Editorial: Ethics in the war zone

Education, not scare tactics, should be used with soldiers who are courageous and selfless enough to risk their lives in combat to protect their country.

By
October 5, 2010 21:28
3 minute read.
Editorial: Ethics in the war zone

soldiers sunset good 298. (photo credit: IDF)

Two infantry sergeants from the IDF’s Givati infantry brigade face up to a three-year prison sentence for using a Palestinian boy as a human shield.

On January 15, 2009, in the middle of Operation Cast Lead, the two soldiers were searching a building in the Gaza City suburb of Tel al-Hawa while facing gunfire from Hamas militants, when they came across bags and suitcases suspected of being booby-trapped.

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The two soldiers ordered a boy, who had gathered with family and neighbors in a bomb shelter, to open the bags. Apparently the two soldiers were motivated by the desire to protect themselves from a possible explosion.

“The boy, who feared for his fate and was under duress, wet his pants,” wrote the three-judge military court that convicted the two IDF soldiers. “The option of using a civilian, especially a child, was not among the legitimate options at the defendants’ disposal,” the judges wrote. “Combat is no excuse for applying improper force.”

THE JUDGES’ ruling is commendable. IDF soldiers are and should be held to the highest moral standards even when Hamas and other enemies of Israel are not. The IDF’s scrupulous adherence to war ethics gives Israel the incalculable advantage of justness of purpose. This is true even when terrorists cynically exploit Israeli morality to gain the upper hand on the battlefield. Hamas systematically uses Gaza’s civilian population as human shields and purposefully blurs distinctions between militants and non-combatants. The bags discovered by the soldiers could very well have been booby-trapped.

Hamas has no qualms about killing its own people along with IDF soldiers.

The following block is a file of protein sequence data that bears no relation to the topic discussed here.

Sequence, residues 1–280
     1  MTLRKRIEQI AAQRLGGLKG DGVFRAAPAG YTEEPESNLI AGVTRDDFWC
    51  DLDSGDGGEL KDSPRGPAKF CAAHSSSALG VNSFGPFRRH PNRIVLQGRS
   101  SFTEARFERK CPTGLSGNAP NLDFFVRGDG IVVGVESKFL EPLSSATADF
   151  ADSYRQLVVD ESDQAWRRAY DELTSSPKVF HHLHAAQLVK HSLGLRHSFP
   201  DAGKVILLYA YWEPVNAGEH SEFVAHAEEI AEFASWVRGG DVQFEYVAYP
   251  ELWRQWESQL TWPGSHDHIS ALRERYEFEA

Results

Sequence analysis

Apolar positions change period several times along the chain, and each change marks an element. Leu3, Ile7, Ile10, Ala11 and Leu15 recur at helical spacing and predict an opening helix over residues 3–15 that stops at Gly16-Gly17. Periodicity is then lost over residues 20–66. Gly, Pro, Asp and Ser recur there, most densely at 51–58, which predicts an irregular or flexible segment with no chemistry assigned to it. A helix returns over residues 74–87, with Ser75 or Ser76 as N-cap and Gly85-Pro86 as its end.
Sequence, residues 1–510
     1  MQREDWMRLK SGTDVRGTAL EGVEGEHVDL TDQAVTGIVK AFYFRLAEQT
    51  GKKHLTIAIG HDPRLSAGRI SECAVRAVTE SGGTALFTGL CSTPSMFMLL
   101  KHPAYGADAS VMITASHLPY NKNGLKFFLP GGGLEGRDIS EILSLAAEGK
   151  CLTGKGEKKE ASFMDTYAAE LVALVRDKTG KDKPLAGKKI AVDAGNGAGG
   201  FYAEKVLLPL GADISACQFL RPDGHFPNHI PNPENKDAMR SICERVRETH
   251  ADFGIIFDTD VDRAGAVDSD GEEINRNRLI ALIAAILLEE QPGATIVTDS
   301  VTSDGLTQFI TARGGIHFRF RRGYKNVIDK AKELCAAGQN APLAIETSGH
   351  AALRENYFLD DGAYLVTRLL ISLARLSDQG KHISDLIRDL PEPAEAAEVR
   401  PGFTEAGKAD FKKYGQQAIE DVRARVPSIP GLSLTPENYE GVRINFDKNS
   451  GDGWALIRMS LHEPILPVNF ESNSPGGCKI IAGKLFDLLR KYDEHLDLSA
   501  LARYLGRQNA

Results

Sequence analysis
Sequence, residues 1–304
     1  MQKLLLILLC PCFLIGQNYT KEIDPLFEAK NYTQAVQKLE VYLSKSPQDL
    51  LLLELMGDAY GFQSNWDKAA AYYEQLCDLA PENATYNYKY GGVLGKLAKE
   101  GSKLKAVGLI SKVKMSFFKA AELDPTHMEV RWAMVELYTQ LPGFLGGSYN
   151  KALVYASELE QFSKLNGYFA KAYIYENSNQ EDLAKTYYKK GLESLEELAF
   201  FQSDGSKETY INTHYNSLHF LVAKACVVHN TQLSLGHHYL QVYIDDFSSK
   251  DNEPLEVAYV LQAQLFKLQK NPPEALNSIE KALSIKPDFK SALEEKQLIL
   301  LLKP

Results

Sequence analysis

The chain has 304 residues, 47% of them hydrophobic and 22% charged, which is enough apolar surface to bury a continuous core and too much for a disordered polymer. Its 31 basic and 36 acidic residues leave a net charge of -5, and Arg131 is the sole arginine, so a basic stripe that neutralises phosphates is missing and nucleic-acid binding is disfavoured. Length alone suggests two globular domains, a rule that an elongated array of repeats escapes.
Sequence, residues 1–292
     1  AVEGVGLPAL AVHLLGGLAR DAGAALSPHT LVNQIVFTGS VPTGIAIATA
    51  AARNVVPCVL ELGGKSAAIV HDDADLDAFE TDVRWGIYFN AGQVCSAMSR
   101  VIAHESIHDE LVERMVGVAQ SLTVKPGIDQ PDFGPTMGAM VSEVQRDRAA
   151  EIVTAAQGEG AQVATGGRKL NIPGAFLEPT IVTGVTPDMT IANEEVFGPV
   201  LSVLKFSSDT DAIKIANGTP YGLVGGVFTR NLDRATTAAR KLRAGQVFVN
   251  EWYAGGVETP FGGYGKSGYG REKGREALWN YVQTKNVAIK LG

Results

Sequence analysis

Within this context the two soldiers’ behavior, forbidden by both international war conventions and the IDF’s own rules of engagement, can at least be understood, if not condoned, as a failed attempt to meet the nearly insurmountable challenges of fighting asymmetric, unconventional warfare in densely populated residential areas.

Judging from recent reports of purported “boredom killings” carried out by US forces in Afghanistan and documented revenge killings by allied troops in Iraq, other western armies fare no better, and sometimes much worse, than the IDF in such combat settings.

And if we are brutally honest with ourselves – especially those of us with children, relatives or loved ones serving in IDF combat units – we would have a hard time blaming a soldier, faced with a life threatening situation, who chooses to endanger the civilian population of the enemy rather than himself.

In the specific case of the two Givati soldiers, there were other options besides endangering themselves or Palestinians – options such as evacuating the entire building or blowing up the suspicious bags from a distance.

While the two soldiers should be disciplined, they should not be used as an example “so that others will see and be instilled with fear” as the IDF prosecutor’s office argued after the conviction was handed down.

Education, not scare tactics, should be used with soldiers who are courageous and selfless enough to risk their lives in combat to protect their country. Nor should the soldiers be obligated to serve a prison sentence.

A suspended sentence that could be enacted in the case of future infractions is ample enough.

THE CASE of the two Givati soldiers should be used as an opportunity to restate the IDF’s high ethical level and its capacity for self-criticism.

In recent years the IDF has augmented the ranks of the Military Police Investigative Department and has drafted more civilian attorneys into reserve duty to serve as military prosecutors. Judicial officers are consulted before and during the planning stage of counter-insurgency strikes. More emphasis has been placed on war ethics education, including the inculcation of the Spirit of the IDF [ruah tzahal] among troops, which includes an injunction not “to employ their weapons and power in order to harm non-combatants.”

There is always room for improvement. And the handling of the case of the two Givati soldiers underlines that the IDF is committed to precisely that improvement.


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